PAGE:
Hospitality: See the world through its hotels, restaurants and bars. Opportunities exist worldwide, particularly if you have food and beverage experience.

Considerations: Traditionally a rite-of-passage for school-leavers, these days, chefs, baristas and hoteliers are gaining creditable experience in international establishments.

Other considerations

Research and plan carefully before jetting off. For example:

  • Contact the consulate of your intended country to understand what Visas are required and their terms and conditions.
  • Many countries impose age restrictions for those taking a working holiday.
  • Even if you’re not a resident or citizen, income may be subject to tax in the country in which it’s earned. You should also speak to your accountant about your Australian tax and superannuation obligations, particularly if you’re working remotely on your Australian job.
  • Take out travel insurance. Earning money doesn’t automatically grant you access to a country’s medical scheme.
  • Update your will and consider nominating a power of attorney to manage your affairs back home.
  • Notify your bank, you’ll need some savings to get started, and keep a cash back-up for emergencies. Holiday jobs can be low-paying so expect to live pay-to-pay.
  • Check out overseas job sites; websites like Seek and Indeed list jobs worldwide.

Australians are an intrepid lot and we live in an age of endless opportunities to explore the world and live the work-life-travel dream.

Do your homework and plan carefully; your new adventure could be just over the horizon.

For more information or to speak to one of our Financial Advisers please contact TNR Wealth Management on 02 6621 8544.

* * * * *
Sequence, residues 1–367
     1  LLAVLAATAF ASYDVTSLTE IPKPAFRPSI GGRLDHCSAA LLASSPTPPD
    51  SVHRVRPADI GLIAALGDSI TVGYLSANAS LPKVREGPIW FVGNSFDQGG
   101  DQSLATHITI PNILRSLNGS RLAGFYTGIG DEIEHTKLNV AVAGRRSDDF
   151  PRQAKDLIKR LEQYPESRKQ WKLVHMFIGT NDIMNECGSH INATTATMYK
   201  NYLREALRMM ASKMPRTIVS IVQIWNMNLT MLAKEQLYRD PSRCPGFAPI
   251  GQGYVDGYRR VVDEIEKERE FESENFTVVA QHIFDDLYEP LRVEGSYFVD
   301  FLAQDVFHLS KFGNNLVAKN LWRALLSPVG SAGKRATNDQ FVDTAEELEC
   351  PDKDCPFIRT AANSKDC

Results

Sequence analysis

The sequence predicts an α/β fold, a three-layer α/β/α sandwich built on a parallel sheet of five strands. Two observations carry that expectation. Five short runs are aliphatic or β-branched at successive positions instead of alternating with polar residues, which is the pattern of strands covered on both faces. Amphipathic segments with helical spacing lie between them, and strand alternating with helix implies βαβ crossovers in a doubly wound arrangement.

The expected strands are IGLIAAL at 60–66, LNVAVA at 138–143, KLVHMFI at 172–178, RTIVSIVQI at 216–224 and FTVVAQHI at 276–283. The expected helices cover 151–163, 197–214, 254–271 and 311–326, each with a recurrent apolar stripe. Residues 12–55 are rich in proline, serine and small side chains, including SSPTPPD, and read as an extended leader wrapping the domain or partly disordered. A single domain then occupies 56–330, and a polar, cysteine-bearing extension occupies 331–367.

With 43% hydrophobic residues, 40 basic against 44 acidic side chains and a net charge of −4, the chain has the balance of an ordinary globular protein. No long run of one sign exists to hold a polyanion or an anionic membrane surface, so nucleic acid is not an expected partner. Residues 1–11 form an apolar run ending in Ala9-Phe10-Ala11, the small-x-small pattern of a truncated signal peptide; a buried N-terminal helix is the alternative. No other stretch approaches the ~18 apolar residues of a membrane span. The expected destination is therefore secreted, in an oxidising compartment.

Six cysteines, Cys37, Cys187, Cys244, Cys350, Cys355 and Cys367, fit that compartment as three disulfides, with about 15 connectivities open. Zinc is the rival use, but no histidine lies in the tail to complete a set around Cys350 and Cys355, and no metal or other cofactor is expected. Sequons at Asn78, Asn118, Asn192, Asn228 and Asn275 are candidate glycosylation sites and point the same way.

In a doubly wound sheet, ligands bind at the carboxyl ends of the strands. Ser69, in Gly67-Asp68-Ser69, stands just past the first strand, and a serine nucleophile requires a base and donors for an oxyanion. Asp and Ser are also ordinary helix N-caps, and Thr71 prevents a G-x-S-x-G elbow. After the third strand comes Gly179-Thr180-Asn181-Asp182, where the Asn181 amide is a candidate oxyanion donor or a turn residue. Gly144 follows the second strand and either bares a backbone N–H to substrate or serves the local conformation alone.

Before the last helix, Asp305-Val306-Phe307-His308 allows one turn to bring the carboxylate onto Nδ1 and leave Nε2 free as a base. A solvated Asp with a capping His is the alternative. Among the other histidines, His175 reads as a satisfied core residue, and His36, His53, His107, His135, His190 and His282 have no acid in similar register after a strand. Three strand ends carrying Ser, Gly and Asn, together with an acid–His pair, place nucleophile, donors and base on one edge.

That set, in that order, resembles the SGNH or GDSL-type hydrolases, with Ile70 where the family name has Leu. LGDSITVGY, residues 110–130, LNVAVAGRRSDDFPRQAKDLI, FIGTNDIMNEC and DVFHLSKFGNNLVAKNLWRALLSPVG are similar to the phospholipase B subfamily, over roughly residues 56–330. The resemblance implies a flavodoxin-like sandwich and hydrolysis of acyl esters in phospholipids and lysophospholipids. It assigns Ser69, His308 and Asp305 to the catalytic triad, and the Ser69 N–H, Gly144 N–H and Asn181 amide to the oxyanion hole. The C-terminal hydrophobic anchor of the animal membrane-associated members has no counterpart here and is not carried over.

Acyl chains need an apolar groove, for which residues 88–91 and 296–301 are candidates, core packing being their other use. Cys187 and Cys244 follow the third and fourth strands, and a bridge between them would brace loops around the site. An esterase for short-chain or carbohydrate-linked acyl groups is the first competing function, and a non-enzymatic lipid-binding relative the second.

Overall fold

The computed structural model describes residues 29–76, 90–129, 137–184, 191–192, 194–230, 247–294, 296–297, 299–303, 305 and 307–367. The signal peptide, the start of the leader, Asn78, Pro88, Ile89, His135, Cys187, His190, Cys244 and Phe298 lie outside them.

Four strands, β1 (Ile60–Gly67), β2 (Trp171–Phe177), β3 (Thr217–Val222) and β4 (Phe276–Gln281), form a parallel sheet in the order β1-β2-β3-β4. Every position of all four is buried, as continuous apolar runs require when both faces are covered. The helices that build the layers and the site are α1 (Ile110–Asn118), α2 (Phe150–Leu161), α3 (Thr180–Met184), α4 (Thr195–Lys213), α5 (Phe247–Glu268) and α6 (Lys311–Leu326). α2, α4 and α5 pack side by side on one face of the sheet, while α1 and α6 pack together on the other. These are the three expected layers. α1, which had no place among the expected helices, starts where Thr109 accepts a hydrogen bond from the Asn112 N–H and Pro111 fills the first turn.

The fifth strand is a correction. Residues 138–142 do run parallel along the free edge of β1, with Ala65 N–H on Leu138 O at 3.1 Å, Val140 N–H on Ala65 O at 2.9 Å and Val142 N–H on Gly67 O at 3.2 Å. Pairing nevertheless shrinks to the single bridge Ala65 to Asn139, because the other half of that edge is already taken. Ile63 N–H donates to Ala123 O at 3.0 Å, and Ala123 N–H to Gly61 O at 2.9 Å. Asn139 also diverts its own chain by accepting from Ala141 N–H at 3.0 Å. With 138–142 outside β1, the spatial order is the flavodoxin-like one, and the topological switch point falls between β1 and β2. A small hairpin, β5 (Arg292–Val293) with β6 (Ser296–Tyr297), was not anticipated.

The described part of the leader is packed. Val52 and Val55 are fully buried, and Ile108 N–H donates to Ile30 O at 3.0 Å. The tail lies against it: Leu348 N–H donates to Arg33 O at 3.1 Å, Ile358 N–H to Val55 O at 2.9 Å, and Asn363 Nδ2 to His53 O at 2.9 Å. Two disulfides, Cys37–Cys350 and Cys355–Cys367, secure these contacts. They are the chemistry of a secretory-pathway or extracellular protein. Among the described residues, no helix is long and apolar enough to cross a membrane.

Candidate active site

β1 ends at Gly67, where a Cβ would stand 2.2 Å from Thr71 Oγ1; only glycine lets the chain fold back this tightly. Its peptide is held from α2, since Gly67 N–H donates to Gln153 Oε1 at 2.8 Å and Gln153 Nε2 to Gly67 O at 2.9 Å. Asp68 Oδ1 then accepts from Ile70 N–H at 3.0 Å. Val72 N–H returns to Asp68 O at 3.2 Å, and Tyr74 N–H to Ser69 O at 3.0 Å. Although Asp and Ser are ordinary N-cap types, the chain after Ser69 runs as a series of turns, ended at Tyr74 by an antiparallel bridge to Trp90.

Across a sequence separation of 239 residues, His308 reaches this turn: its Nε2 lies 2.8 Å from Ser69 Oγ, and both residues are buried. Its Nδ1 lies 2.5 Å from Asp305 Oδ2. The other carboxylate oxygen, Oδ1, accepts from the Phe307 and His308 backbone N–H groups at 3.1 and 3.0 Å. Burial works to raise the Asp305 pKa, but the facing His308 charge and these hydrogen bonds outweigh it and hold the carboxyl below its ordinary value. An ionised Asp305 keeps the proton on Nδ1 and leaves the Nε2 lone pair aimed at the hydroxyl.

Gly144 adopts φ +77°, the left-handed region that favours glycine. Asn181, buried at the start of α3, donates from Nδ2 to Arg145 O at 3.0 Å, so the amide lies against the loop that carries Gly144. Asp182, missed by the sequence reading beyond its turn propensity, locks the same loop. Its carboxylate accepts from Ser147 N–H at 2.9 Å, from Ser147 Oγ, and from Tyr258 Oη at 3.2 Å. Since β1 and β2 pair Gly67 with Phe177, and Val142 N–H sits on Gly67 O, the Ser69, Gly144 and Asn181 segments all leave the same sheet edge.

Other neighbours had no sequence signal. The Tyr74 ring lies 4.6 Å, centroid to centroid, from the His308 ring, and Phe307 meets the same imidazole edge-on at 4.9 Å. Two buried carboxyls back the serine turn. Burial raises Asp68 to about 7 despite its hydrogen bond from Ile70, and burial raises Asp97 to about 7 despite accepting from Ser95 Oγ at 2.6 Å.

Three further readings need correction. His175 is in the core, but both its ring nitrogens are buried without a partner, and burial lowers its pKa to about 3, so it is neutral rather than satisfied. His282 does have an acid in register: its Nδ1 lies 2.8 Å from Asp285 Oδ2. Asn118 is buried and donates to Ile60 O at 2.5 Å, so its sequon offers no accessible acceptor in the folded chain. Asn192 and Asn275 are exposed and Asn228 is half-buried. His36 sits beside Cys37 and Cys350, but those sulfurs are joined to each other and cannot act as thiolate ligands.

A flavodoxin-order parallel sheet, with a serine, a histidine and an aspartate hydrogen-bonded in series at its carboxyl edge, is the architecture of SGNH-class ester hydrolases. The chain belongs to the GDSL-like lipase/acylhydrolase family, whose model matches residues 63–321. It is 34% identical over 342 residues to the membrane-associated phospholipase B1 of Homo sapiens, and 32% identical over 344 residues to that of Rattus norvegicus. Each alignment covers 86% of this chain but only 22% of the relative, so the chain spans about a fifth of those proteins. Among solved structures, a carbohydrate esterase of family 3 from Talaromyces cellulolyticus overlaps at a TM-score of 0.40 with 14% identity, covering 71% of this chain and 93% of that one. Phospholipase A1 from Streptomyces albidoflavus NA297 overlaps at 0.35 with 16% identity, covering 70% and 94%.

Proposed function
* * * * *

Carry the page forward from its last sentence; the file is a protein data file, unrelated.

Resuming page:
Disclaimer
Past performance is not a reliable indicator of future performance. The information and any advice in this publication does not take into account your personal objectives, financial situation or needs and so you should consider its appropriateness having regard to these factors before acting on it. This article may contain material provided directly by third parties and is given in good faith and has been derived from sources believed to be reliable but has not been independently verified. It is important that your personal circumstances are taken into account before making any financial decision and we recommend you seek detailed and specific advice from a suitably qualified adviser before acting on any information or advice in this publication. Any taxation position described in this publication is general and should only be used as a guide. It does not constitute tax advice and is based on current laws and our interpretation. You should consult a registered tax agent for specific tax advice on your circumstances.